David Bourget (Western Ontario)
David Chalmers (ANU, NYU)
Rafael De Clercq
Jack Alan Reynolds
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Topoi 29 (2):147-151 (2010)
This essay argues that propositions are made true by facts. A proposition is the sense expressed by a statement (sentence token used to make a truth claim). Facts are positive or negative constitutive properties of the domain of discourse (usually the actual world). The presence of horses is a positive constitutive property of the world; the absence of unicorns is a negative one. This notion of constitutive properties accords well with the Hume-Kant claim that existence is not a property of any individual said to exist. While Frege held existence to be a property of concepts and Russell held it to be a property of propositional functions, our view sees existence as a property of a domain of discourse. To say that Native Dancer exists is simply to say that the world is characterized by the presence of Native Dancer; to say that Pegasus does not exist is to say the world is characterized by the absence of Pegasus. Such properties of presence and absence are facts. Facts make true propositions true; nothing makes false propositions false (they simply fail to be made true). Facts are not items in the world; they are (constitutive) properties of the world.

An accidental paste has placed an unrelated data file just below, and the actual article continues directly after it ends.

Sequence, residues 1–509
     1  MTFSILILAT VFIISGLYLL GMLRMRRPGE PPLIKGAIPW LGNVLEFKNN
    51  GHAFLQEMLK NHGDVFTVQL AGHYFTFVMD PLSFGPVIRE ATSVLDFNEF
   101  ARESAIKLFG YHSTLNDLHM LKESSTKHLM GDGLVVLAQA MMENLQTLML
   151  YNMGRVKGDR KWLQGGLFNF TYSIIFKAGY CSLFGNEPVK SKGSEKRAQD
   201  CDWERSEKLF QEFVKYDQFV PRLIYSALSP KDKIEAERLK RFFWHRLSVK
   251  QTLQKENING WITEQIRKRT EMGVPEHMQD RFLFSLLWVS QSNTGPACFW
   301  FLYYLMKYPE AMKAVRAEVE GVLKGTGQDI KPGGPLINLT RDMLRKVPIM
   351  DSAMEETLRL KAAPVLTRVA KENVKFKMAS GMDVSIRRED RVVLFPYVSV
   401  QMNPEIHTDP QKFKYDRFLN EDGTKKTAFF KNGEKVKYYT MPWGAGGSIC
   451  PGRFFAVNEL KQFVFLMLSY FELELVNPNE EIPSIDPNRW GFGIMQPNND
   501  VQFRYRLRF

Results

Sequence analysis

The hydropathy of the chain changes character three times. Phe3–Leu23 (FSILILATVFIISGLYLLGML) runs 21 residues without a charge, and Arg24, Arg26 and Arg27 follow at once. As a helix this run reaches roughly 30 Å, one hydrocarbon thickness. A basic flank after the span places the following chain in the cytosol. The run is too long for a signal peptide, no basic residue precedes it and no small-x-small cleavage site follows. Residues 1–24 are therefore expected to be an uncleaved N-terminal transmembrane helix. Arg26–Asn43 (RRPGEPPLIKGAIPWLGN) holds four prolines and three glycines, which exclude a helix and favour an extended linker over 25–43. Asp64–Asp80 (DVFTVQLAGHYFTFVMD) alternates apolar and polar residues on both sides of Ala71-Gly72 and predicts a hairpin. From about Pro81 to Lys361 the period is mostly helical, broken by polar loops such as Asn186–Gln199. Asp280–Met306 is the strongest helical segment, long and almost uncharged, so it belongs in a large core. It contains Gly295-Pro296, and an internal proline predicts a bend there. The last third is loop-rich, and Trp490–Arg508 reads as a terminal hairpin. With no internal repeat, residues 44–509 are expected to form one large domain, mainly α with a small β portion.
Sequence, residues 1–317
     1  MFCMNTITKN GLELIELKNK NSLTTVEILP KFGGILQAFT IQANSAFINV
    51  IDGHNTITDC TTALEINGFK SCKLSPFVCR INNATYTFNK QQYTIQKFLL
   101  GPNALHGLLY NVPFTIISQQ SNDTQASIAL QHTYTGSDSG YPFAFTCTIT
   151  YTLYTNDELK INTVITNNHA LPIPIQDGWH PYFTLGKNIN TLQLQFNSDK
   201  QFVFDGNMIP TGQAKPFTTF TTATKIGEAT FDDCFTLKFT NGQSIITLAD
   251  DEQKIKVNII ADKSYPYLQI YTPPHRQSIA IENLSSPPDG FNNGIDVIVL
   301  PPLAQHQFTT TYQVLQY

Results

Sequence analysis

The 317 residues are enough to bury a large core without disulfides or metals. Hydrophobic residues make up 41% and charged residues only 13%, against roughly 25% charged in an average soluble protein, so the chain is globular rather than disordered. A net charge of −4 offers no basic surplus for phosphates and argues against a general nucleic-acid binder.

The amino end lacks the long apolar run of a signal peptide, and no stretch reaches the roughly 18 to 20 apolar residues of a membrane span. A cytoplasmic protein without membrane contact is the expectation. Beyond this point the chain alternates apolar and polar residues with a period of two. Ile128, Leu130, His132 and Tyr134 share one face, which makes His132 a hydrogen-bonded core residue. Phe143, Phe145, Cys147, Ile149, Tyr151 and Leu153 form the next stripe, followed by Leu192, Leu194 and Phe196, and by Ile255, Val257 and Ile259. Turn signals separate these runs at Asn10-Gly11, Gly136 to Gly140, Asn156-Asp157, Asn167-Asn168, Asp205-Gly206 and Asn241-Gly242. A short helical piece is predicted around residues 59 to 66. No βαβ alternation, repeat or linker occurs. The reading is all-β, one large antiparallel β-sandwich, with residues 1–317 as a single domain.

|Keywords||Constituents Domains Existence Fact Properties Sense Truth|
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References found in this work BETA
Donald Davidson (1984). `On the Very Idea of a Conceptual Scheme. In , Inquiries Into Truth and Interpretation. Oxford: Oxford University Press. 183-198.
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